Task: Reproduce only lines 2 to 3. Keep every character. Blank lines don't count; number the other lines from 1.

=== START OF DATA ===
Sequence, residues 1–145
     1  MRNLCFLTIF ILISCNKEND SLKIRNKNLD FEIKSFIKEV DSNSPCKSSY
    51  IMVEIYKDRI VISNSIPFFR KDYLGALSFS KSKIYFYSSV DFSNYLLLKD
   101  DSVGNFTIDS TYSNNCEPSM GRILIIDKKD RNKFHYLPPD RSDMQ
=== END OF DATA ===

     1  MRNLCFLTIF ILISCNKEND SLKIRNKNLD FEIKSFIKEV DSNSPCKSSY
    51  IMVEIYKDRI VISNSIPFFR KDYLGALSFS KSKIYFYSSV DFSNYLLLKD